«Mixed Messages on Mixed incoMes Volume 15, Number 2 • 2013 U.S. Department of Housing and Urban Development | Office of Policy Development and ...»
Finally, regarding neighborhood life, the literature makes clear that simply ensuring that residents of different class backgrounds live in proximity to one another is not sufficient to ensure either community cohesion or the kinds of effective social network benefits for lower income residents for which mixed-income policies had hoped. Some basic tools for enhancing communication and access among residents (many of which are being experimented with in sites across the country) may help in this regard. These tools might include something as simple as a neighborhood directory listing residents’ contact information and some information about them (employment, interests), periodic newsletters with profiles of residents focusing on their professional training and achievements, or providing free developmentwide wireless Internet access to encourage people to access information that is available on the web. They might also include occasional social events focusing on creating opportunities for networking. These kinds of interventions are sometimes difficult to pull off, however, given the ways in which residents tend to sort into or out of particular groups
Cityscape 93Fraser, Chaskin, and Bazuin
and activities based on their interests and perceptions of who such efforts are geared toward, and in light of cross-class tensions that have been generated in many of these contexts (Chaskin and Joseph, 2012, 2010).
Beyond these efforts, greater intentionality and investment might focus around amenities, organizational infrastructure, and neighborhood spaces. One example is the community garden, numerous examples of which have sprouted up across the country. In the John Henry Hale HOPE VI development in Nashville, the Farm in the City not only attracts people from different income groups to interact but provides participants with fresh fruits and vegetables that would otherwise cost a great deal of money at the grocery store. Broader economic development could also be promoted (partially contingent on the specific economic context) by building mixed-use spaces with, for example, retail on the bottom levels of buildings and apartments above. This type of development is typically lacking in HOPE VI sites, missing an opportunity to create spaces of sociability, employment opportunities, and service provision typically needed in any community. It might be possible to incentivize these kinds of spaces, in part, by providing small business grants for local entrepreneurs and leasing them space at below market rates if they meet certain social obligations, such as supplying the community with fresh fruits and vegetables or hiring a certain number of residents.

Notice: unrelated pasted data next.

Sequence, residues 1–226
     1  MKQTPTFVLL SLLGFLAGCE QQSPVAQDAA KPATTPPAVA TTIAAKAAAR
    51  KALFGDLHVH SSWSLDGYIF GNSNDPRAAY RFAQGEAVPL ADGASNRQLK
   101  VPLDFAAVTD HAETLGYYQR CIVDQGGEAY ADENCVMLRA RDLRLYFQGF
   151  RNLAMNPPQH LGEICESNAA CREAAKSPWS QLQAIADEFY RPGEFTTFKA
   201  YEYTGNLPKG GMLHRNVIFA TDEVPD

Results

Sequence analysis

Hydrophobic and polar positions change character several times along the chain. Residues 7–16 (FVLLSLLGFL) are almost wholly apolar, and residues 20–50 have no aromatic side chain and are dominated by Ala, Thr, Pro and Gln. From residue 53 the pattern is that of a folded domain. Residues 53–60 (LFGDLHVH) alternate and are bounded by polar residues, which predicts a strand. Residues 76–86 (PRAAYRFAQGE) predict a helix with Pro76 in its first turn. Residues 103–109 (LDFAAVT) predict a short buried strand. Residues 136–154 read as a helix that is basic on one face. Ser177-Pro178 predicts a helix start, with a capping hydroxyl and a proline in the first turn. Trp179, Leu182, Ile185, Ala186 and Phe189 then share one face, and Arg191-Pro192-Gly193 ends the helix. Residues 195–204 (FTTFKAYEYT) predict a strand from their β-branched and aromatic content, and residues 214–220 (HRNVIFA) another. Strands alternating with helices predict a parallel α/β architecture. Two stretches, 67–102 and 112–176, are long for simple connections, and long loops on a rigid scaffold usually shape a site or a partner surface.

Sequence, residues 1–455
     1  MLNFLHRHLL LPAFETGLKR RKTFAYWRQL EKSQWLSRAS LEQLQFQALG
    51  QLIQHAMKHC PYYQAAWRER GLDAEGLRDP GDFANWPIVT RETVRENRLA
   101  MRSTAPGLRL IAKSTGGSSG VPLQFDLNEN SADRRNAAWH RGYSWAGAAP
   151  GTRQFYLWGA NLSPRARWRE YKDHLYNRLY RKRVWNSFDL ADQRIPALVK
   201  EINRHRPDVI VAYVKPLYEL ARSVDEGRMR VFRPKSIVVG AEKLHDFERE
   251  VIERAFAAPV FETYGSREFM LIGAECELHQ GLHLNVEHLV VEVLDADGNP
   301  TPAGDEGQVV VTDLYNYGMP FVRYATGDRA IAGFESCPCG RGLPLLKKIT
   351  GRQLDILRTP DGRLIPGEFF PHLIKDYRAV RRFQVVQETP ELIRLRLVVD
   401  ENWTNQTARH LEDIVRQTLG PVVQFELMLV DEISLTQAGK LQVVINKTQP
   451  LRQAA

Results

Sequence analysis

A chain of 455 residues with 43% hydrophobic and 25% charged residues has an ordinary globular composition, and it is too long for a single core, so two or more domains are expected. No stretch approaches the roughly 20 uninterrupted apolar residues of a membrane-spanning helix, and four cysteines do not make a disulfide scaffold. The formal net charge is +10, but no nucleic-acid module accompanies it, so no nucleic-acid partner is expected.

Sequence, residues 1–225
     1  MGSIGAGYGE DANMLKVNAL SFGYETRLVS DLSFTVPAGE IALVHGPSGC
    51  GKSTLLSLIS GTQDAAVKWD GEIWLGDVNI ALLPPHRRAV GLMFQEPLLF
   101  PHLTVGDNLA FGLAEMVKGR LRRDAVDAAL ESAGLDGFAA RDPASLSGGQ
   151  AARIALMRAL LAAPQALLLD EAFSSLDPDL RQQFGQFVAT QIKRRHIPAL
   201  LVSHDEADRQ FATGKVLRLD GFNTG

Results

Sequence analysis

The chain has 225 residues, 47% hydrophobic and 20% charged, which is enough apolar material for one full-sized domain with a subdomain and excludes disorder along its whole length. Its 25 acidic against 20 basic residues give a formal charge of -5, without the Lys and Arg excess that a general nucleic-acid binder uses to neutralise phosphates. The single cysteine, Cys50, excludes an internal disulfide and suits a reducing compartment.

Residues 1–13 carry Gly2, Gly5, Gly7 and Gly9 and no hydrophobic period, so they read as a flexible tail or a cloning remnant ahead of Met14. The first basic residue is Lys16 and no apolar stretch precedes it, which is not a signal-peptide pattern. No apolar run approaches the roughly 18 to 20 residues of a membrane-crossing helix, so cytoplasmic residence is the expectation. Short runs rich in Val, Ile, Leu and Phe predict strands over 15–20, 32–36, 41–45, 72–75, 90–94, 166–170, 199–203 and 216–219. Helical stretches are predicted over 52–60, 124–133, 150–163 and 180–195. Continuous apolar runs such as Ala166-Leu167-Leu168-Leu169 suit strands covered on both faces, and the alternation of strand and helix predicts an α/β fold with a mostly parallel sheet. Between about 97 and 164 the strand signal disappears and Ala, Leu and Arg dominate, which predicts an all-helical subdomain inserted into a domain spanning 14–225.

Cultivating these kinds of places and projects—gardens, stores, coffee shops, and recreational facilities—could potentially help move mixed-income developments from being largely residential complexes to vibrant neighborhoods that provide activity space for instrumental exchange and casual interaction. The creation of these kinds of collective amenities may still fall short of promoting an inclusive and vibrant neighborhood life, however, if the fundamental tensions we noted previously—around perceptions of crime, safety and disorder, and the ways in which different groups choose to occupy and appropriate space for different activities—continue to exist between public housing residents and homeowners (Chaskin and Joseph, 2012). Here, addressing the issues of governance and participation is important. Some interventions to promote solidarity and community between and within income groups might include shaping inclusive neighborhood associations that promote the broad participation of residents across incomes and housing tenure and that operate beyond the purview of individual homeowners’ associations. Clear expectations for participation, funding for community members to run and operate a variety of outreach and engagement activities, and effective technical assistance to residents to train officers and engage in community organizing and community building activities would strengthen this agenda and help shape more effective associations. These ambitions are, however, hard to implement in practice, particularly in the context of significant inequality (Briggs, 1998; Chaskin, 2005). Simply creating mechanisms for inclusive participation does not ensure their success, and it is important to explicitly take into account social difference and unequal access by guaranteeing representation of marginalized social groups (Young, 2000).